The way of islands

There is a certain way of living on islands. People who dwell on them understand this. They choose a different kind of existence that involves unique modes of travel and the need to plan trips, stock supplies and check the weather. Things that people who live off-island don’t need to consider because they can just hop in their vehicle or turn on their computer and get what they need. On-island, epic stories abound about barely catching or barely missing ferries. Islanders never tire of hearing and telling those stories.


Walking around Ganges, on Salt Spring Island, creates a different mindset. People smile back when you smile at them. Islanders take the time to say hello to each other and chat a bit … “How are you? Good to see you. Is your dog doing better? Have your kids been to visit lately?” A parked car has a copy of Rumi’s love poems tucked in the corner of the dash. On the sidewalks, very few are looking at cell phones. At the crosswalk, vehicles are likely to stop as adults, kids, bikes and dogs flow south to the coffee shop or north to the grocery store. We wander around, then sit on a bench eating ice cream, three thrilled kids with their nana, great auntie and great granddad, watching the village  pulse by. I dash across the lane to get a photo of the family bench and within seconds three generations are doing what they love best … making goofy faces for the camera.

At home my sister scans the Salt Spring Exchange – a local online mostly free listing of mostly everything. From homes for sale (paid ads) to lost pets (free ads), it reflects Gulf Island living. One ad made the sad announcement that a dead cat had been found but looked so well loved that perhaps the family would want to know what happened. Another ad offered a photo of a rather scuffed-up pair of shoes for $50, Only Worn Twice!!  In the Rants and Roses section, a chicken owner thanked passersby for chasing her frolicking fowl off the road. That truly is free range.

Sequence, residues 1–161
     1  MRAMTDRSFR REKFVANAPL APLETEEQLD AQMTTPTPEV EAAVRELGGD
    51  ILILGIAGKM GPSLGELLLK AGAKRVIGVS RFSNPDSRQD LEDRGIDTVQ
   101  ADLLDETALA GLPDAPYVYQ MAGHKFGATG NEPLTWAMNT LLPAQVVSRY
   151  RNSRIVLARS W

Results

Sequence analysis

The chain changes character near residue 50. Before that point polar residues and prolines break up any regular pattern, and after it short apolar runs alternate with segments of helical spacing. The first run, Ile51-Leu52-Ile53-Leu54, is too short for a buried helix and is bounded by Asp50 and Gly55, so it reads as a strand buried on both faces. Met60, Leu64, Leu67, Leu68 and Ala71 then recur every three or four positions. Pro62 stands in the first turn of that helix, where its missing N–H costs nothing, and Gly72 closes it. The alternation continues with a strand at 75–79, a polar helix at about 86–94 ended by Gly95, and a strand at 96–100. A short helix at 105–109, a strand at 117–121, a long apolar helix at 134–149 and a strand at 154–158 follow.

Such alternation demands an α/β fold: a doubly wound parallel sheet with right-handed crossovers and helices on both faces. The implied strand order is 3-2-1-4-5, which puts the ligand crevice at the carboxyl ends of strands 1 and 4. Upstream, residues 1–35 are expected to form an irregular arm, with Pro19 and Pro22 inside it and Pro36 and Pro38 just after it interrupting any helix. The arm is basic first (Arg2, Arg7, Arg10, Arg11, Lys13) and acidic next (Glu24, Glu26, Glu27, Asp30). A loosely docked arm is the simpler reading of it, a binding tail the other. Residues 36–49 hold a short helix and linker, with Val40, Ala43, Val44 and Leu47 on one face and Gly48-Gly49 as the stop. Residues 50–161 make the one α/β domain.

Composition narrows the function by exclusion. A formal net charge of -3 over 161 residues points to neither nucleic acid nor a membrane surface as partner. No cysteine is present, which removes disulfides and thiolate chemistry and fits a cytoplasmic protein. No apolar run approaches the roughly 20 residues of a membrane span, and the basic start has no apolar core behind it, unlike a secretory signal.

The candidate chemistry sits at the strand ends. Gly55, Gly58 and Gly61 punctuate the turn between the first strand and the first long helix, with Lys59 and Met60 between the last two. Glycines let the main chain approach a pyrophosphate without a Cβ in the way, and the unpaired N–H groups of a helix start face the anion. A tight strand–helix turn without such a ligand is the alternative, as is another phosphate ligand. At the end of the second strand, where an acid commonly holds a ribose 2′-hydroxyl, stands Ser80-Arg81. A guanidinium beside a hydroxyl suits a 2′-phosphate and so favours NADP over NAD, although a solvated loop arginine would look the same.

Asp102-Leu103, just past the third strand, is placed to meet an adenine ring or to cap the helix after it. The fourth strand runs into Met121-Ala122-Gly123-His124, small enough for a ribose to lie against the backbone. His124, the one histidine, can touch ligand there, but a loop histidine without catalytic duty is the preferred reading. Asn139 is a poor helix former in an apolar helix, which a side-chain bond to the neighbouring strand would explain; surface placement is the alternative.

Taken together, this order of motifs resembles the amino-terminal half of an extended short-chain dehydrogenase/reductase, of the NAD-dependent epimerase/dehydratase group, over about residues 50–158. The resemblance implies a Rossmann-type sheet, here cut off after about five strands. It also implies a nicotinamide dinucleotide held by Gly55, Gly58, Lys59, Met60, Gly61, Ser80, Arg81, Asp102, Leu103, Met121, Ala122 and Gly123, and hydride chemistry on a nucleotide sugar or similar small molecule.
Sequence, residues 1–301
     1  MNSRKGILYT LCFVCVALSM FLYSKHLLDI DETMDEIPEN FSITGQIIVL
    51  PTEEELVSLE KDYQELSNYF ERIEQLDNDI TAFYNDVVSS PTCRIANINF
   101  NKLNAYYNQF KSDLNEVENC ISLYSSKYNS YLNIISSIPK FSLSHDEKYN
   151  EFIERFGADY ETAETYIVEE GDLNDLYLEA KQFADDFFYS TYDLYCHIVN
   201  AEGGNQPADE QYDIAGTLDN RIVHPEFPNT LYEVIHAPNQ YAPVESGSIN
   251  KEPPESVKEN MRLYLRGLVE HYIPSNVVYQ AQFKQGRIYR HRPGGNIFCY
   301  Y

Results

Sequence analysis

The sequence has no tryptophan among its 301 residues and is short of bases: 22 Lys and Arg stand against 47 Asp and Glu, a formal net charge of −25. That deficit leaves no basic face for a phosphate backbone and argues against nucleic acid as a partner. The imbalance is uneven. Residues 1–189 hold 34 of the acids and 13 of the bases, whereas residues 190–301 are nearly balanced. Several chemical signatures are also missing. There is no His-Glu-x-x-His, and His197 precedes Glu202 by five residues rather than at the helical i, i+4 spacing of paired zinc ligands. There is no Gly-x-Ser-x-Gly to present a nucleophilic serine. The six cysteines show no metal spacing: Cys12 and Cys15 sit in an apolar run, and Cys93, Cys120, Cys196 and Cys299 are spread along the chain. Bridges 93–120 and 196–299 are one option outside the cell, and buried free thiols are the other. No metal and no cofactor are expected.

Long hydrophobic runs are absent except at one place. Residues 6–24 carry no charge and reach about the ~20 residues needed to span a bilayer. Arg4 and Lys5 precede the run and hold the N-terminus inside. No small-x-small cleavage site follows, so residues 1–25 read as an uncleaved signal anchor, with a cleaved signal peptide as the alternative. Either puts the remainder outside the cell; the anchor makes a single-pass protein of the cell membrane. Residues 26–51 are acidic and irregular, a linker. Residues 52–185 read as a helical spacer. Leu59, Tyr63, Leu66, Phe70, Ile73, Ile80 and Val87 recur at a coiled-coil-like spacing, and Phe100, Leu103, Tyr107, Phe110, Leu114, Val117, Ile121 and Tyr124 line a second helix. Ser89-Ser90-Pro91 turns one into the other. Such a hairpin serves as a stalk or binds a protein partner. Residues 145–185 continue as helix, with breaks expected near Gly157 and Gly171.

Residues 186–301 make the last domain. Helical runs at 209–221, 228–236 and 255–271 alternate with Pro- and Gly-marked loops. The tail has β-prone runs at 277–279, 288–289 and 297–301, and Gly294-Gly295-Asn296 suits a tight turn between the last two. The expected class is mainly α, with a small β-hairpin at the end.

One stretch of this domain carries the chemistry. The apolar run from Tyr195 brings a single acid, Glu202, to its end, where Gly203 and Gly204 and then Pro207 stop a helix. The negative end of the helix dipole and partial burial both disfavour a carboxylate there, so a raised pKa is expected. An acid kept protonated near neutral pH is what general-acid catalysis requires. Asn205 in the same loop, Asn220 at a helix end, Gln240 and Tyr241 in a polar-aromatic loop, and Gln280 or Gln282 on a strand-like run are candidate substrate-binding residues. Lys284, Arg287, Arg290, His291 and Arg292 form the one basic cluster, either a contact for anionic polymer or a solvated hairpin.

We post our own photo of a wandering tuxedo kitty found raiding Pebbles the cat’s bowl of kibble. No calls as yet.

Tuxedoed marauder hits the kibble bowl.
Tuxedoed marauder hits the kibble bowl.

Meanwhile, Pebbles the family cat was lounging on her bed, later to emerge on the deck apparently unconcerned about the interloper.

Pebbles the cat considers her options
Pebbles the cat considers her options.

A state of mind

She awaits…
Laying back across the water.
A little smug – or it is content?

Travellers think of her, obsess about her.
She is rest and reflection and retreat.

John Donne said no man is an island.
Perhaps, in part, he did not fully intuit
the inherent feminine core of islands.